Four Tips to Navigate Office Politics

You might not be able to do much to influence national politics, but office politics are another story. The ability to successfully navigate office politics can help your career in a myriad of ways—but it helps to know how the gears of the political machine turn at your workplace. Check out these four tips to learn how to successfully navigate office politics so you can move up in the hierarchy and gain more influence in your workplace.

  1. Learn the dynamics among your coworkers and higher-ups before jumping in. An article on suggests you should listen more than you talk. This allows you to find out who already has power, who gets along with whom, and who is really getting things done. Watch and wait for the perfect opportunity to really shine while you build relationships and quietly get down to business.
  2. Don’t play dirty. explains the payoff that comes from keeping your political moves positive. Rather than looking for ways to make other people at the company look bad so you’ll look better by comparison, focus on making sure you look good. Keep your eyes open for ways to help a coworker, ask higher-ups for counsel and feedback, and always do your best—especially on projects with high visibility.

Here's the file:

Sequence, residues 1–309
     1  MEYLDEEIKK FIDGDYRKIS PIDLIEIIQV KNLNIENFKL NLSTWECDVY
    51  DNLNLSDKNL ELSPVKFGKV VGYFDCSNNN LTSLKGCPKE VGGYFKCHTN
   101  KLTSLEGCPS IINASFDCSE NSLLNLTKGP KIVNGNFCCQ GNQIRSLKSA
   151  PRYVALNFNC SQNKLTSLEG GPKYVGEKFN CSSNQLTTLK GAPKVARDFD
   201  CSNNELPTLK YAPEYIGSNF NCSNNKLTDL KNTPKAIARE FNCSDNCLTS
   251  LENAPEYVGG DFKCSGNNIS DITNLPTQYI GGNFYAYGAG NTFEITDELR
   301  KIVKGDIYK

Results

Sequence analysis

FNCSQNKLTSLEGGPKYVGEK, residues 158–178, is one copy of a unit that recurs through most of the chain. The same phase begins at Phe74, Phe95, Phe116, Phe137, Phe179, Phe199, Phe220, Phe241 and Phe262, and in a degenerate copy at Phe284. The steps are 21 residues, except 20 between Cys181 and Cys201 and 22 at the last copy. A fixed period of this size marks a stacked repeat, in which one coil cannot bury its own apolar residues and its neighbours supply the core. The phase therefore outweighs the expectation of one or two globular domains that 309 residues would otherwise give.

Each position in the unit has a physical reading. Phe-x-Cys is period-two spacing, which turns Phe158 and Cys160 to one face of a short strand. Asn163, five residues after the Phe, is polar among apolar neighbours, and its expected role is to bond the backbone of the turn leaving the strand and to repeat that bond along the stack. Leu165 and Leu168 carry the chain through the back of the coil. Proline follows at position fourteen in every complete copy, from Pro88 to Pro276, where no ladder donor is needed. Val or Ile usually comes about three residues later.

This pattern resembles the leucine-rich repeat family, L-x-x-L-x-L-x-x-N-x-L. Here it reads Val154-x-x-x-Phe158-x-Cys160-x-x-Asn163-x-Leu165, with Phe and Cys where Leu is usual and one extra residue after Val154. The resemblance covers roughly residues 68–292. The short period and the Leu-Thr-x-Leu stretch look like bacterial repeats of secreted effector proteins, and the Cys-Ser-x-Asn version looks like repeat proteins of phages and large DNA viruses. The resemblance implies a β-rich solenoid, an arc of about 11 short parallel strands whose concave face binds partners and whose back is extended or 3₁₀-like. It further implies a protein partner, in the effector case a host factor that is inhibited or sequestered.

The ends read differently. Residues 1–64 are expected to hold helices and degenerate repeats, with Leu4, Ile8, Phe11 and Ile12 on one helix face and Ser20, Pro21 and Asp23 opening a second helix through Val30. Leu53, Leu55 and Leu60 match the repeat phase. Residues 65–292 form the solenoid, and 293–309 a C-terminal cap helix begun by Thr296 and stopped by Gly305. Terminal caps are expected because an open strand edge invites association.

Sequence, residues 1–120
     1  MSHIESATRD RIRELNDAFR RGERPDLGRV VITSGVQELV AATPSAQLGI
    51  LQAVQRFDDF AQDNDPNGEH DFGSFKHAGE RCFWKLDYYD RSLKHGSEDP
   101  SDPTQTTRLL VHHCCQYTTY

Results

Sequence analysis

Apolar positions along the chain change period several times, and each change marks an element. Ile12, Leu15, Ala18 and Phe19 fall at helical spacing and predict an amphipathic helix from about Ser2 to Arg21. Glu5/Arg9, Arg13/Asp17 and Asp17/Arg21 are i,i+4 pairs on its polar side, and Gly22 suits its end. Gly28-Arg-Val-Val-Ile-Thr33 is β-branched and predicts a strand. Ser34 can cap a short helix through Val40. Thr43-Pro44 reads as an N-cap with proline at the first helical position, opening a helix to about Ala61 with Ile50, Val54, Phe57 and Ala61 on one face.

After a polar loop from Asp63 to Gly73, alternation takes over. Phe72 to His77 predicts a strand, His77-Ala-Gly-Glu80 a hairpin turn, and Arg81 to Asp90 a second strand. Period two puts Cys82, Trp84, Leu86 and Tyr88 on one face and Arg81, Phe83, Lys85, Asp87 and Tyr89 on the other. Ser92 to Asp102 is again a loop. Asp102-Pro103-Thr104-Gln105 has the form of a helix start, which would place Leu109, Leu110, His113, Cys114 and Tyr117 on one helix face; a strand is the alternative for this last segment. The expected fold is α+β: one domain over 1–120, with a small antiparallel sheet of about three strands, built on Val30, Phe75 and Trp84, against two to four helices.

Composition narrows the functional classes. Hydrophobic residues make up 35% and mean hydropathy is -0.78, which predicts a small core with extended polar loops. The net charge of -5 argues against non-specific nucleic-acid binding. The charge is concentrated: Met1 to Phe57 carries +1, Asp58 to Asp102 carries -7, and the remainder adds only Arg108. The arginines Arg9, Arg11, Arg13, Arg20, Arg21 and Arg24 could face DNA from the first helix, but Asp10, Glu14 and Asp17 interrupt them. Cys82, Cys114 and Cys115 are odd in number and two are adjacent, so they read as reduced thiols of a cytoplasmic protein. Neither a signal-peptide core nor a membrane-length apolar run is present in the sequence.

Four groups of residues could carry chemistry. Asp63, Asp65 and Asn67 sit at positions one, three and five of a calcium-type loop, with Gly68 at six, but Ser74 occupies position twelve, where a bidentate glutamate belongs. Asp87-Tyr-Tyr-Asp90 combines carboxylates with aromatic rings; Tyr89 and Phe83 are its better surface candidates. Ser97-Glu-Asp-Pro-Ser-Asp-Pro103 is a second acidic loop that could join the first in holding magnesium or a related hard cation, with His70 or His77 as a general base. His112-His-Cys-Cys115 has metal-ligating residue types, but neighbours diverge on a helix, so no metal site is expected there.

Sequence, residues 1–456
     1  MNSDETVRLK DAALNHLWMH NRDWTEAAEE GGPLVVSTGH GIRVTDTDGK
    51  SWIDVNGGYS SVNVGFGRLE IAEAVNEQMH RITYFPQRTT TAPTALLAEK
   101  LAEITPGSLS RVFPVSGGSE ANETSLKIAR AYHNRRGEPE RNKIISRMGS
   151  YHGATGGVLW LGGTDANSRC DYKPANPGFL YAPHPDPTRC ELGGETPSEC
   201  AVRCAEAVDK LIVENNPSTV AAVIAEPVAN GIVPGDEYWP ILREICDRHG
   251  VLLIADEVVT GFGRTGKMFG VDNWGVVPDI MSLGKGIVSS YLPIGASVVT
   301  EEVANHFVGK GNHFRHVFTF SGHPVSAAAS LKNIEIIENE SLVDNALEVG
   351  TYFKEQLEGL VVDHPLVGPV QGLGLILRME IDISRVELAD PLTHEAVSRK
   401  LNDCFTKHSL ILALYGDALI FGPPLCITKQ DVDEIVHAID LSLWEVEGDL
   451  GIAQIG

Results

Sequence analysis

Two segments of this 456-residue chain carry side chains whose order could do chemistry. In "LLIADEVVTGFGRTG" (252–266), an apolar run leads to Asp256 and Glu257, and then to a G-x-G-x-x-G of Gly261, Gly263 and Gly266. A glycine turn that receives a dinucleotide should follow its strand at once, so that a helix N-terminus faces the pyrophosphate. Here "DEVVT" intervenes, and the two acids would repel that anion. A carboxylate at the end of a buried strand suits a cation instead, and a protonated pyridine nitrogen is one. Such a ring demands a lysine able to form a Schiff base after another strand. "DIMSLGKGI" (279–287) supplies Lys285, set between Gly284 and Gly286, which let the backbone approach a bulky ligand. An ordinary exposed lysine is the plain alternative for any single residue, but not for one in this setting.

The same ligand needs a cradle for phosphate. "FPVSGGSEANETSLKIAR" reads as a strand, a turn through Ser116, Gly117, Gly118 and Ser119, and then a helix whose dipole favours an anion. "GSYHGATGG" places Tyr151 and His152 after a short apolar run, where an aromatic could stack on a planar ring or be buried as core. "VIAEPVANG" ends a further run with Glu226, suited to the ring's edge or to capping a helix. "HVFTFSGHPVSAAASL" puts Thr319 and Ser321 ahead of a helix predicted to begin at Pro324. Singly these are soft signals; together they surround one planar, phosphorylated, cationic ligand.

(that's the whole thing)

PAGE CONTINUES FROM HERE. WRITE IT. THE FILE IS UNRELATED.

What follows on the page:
3. Think of it as psychology, not politics. In a radio interview and article on, business psychology professor and Hogan Assessments CEO Tomas Chamorro-Premuzic explains that three basic human needs drive interpersonal relationships at work: to get along with others, to get ahead, and to find meaning. When those needs are in balance within a company, he says, employees are more productive and engaged—so it’s to your benefit to do your part to uphold the balance. “If you’re too political, you’ll self-destruct,” Chamorro-Premuzic says.
  4. Avoid the politics altogether. Office politics aren’t for everyone, and according to an article on, working in an environment that aligns with your personality and beliefs makes it easier to find personal and professional satisfaction. If the atmosphere around your office is uncomfortable to you, consider seeking a new opportunity somewhere else. And you won’t be alone—according to the article, more than 40 percent of workers believe you don’t need to play the game to get ahead.